Why Bank of America CEO Brian Moynihan Isn't Surprised by Its Soaring Stock

Bank of America Chairman and CEO Brian Moynihan. Image source: Bank of America.

Every few months, the CEOs of large companies sit for media interviews or speak at industry conferences. It's a great way for investors to get an update about what's going on at a particular company.

Bank of America's (NYSE: BAC) Chairman and CEO Brian Moynihan recently did this, speaking at the 2016 Goldman Sachs U.S. Financial Services Conference earlier this week. He covered a lot of ground, focusing on the bank's progress in his prepared remarks before wading into his thoughts on the broader picture for banks in a question-and-answer session moderated by Goldman Sachs analyst Richard Ramsden.

Bank of America's soaring stock

One of the interesting points Moynihan made in response to a question from Ramsden concerned the recent performance of Bank of America's stock. Its shares have been on tear since the presidential election, rising by 30% since this time last month.

They've outperformed virtually every other big bank stock over this period and are now trading at a 52-week high. In fact, the last time its shares traded above $22 a share was in the fourth quarter of 2008.

Data source: Yahoo! Finance. Chart by author.

Moynihan boiled this down to two reasons.

1. Interest rates

At this time last year, interest rates were in virtually the exact same position as they are today. On the long end of the yield curve, 10-year Treasury bonds yielded 2.25%. Today they're at 2.39%. On the short end, the fed funds rate has climbed a mere 25 basis points, or 0.25% percentage points following the Federal Reserve's decision to boost rates at its final meeting of 2015.

At first glance, this isn't good for Bank of America. More than any other bank, it has positioned its balance sheet to benefit from higher rates. According to its latest quarterly regulatory filing(see page 90), it will generate $5.3 billion in added net interest income over the next 12 months if short- and long-term rates climb by 100 basis points, or 1 percentage point.

Moynihan's point was that, while interest rates haven't changed much, investors' expectations of the short-term trajectory for rates has. The incoming presidential administration's promise to lower taxes and boost infrastructure spending (i.e., fiscal stimulus) will almost certainly translate into higher inflation -- at least according to economic theory. And low inflation is the one thing that's kept the Federal Reserve from raising rates since it did so around this time last year.

Moreover, while it's true that long-term rates haven't changed much if you compare this time last year to today, they've moved a lot in the intervening months. The yield on 10-year Treasury bonds at the end of September, when Bank of America last publicly updated its interest rate sensitivity analysis, was only 1.6%. Long-term rates are now 80 basis points higher thanks to the outcome of the election.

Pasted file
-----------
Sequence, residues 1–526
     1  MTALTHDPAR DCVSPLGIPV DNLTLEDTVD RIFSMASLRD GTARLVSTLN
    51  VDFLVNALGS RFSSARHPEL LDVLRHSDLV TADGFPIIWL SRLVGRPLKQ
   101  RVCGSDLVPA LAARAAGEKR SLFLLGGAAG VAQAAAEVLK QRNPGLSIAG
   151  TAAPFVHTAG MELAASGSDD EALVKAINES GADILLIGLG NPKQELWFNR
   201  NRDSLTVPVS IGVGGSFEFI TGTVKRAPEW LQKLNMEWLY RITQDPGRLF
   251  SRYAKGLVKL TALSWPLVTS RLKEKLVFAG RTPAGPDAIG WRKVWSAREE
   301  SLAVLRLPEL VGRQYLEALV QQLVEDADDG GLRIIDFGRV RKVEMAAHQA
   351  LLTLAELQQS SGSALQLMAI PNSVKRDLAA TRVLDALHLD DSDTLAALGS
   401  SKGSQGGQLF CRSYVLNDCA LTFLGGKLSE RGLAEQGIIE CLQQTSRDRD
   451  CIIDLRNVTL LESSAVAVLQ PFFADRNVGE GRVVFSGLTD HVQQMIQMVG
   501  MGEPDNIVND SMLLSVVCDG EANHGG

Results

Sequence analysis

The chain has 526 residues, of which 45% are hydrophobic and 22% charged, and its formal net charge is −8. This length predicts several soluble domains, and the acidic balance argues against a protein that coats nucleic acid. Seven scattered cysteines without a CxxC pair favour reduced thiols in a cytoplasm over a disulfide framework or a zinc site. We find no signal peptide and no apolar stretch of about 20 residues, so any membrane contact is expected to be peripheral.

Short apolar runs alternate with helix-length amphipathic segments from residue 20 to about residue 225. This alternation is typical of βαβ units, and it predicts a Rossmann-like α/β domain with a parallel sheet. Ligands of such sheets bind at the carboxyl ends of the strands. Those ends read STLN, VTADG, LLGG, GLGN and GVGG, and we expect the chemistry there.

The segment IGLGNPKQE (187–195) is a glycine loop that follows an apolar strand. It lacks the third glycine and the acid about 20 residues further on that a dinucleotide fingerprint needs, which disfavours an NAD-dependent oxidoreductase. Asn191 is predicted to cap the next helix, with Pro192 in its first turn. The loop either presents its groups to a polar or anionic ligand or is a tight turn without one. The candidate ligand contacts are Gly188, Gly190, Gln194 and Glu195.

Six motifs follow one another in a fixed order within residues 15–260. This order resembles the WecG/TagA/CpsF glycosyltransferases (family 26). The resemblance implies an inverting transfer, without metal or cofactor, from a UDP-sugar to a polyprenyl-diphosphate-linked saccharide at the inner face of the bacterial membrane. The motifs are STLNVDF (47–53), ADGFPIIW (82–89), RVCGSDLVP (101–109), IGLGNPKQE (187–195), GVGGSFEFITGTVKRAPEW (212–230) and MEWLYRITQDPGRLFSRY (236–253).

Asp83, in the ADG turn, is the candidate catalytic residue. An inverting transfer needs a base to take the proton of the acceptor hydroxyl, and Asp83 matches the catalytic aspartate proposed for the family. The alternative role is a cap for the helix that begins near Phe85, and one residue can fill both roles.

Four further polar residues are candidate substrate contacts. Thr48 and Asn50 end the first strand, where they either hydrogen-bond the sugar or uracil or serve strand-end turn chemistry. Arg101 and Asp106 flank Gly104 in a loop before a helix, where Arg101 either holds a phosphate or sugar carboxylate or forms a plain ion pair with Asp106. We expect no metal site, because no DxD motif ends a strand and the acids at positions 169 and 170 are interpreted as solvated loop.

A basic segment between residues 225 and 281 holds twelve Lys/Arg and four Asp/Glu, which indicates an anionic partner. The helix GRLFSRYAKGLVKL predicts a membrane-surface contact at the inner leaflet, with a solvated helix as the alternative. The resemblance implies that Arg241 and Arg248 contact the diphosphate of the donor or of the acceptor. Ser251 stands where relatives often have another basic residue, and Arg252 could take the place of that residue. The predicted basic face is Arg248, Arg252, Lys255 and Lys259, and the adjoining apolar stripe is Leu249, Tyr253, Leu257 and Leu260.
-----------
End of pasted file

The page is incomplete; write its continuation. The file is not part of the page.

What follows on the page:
10-year Treasury rate data by YCharts.

On this point alone, then, there are rational reasons for investors to have bid up Bank of America's stock over the past month.

2. Anticipated deregulation

Another reason Bank of America's shares shot up after the election, explained Moynihan, is that President-elect Trump has promised to ease regulations in the bank industry.

There are a variety of ways this could help Bank of America, but one of the main ones is that it may allow the North Carolina-based bank to distribute more capital to shareholdersby way of dividends and stock buybacks. This follows from the fact that the Fed may soon lose its veto power over big bank capital plans, as has been intimated by members of Trump's team.

The benefit to Bank of America would be twofold. First, it'd encourage income-seeking investors to buy its stock, as its quarterly distribution would increase. And second, it'd reduce the amount of capital on Bank of America's balance sheet, which would then juice the bank's profitability, which is measured by a bank's return on equity (if you reduce equity, and earn the same net income, return on equity rises).

Thus, while this may not come as a surprise to many bank investors who have seen their portfolios soar over the past month, there are indeed tangible reasons for shareholders of Bank of America to be optimistic.

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Feel free to email John at jmaxfield@foolcontractors.com.John Maxfield owns shares of Bank of America and Goldman Sachs. The Motley Fool has no position in any of the stocks mentioned. Try any of our Foolish newsletter services free for 30 days. We Fools may not all hold the same opinions, but we all believe that considering a diverse range of insights makes us better investors. The Motley Fool has a disclosure policy.